measure the total circuit current using the method of Lab 2 (break the circuit at point A
and insert an ammeter). Comment on your results. Enter these currents in the table.
Part D
Procedure:
4. Lessons of Lab 3, 4 and Part A of this lab can be applied to more complex series-parallel
circuit. The trick is to recognize simple series and parallel parts in the complex.
Combination circuit and then apply series circuit rules to the series parts and parallel
circuit rules to parallel parts.
5. Enter the values from the Pre-Lab for this circuit in Table 4 on the next page.
6
It 18
R1
1.5kΩ
V1
10 V
15
Ir2
A
Ir3
R2
R3
3.3kΩ 8.2kΩ
Jumper for fault simulation
when required
16
17
B
R4
1.5kΩ
Ir4 = It
Fig. 2
Calculated
Table 4:Measured
Simulated Fault
RT
IT
IR1
IR2
IR3
IR4
VR1
VR2
VR3
VR4
6. Measure the voltage drop on each of the resistors and record in your table.
7. Measure the current into the parallel loop by dividing V1 by R1. Repeat for the current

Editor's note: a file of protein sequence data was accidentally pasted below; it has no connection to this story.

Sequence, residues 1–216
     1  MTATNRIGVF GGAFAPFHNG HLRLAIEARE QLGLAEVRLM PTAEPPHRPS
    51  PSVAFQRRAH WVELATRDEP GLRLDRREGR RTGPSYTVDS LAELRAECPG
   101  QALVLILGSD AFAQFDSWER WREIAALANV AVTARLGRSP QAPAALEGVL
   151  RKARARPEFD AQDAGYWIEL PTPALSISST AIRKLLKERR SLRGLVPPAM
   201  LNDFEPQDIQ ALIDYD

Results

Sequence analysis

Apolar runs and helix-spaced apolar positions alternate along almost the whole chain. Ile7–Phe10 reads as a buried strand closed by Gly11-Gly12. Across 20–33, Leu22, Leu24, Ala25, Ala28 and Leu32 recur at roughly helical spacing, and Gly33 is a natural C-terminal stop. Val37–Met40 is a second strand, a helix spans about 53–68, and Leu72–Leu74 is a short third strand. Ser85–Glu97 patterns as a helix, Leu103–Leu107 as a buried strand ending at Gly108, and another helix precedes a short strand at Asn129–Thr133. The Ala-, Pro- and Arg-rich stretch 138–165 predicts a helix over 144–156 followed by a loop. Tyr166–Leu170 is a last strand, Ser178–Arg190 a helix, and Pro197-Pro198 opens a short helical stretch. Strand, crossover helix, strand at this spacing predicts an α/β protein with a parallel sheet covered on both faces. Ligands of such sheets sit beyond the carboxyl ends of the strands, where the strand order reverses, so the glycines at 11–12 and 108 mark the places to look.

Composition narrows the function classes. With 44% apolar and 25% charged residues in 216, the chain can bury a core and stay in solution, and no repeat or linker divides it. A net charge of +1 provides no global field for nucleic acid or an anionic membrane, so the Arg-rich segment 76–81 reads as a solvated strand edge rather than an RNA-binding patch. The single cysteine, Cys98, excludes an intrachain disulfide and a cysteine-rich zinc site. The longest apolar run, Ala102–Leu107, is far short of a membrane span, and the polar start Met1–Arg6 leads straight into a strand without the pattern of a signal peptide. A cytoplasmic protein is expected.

out of the loop (by dividing VR4 by R4). Enter in the table.
8. Measure the branch currents in the parallel branches (IR2, IR3) using the indirect
methods. Record in your table.
9. Add up V1, V2 and V4, also V1, V3 and V4.
V1 + V2 +V4 =
V1+V3+V4 =
Comment on your results.
10. Add IR2 and IR3. Compare with IT (or IR1 or IR4). Comment on your results.
11. Introduce a short circuit fault by connecting a jumper between points A and B as shown
in the circuit diagram Figure 2.
12. Measure RT, IT, IR1, IR2, IR3, IR4, VR1, VR2, VR3 and VR4 and enter in your results in the
table.
13. Based on your simulated fault measurement values, state some basic facts about short
circuit faults in series – parallel combination circuits.
7
Questions and Assignments:
1. For E = 10V, R1=10K, R2=18K, R3=22K, Calculate RT, IT, VR1, VR2 and VR3. For a
series circuit, draw the circuit diagram. Show current direction and label all voltage
drops with proper polarities. Show each step on his calculations.
2. For the circuit shown, there is a break between resistors R2 and R1 as shown.
(a) What is the voltage across R2.
(b) What is the total circuit current.
(c) If the voltmeter is connected as shown, what would the voltmeter read?
9
5
R1
6
R2
V2
25 V
8
V
R3
7
3. For E=25V, R1=10K, R2=18K, R3=22K, Calculate RT, IT, I1, I2, I3, VR1, VR2 and VR3 for
a parallel circuit. Draw the circuit diagram, show all current directions, label all
voltage drops with correct polarities clearly marked. Show each step of your
calculations.
4. Why was it not possible to measure the current using the indirect method when
measuring the total circuit current in part A, step 3?
8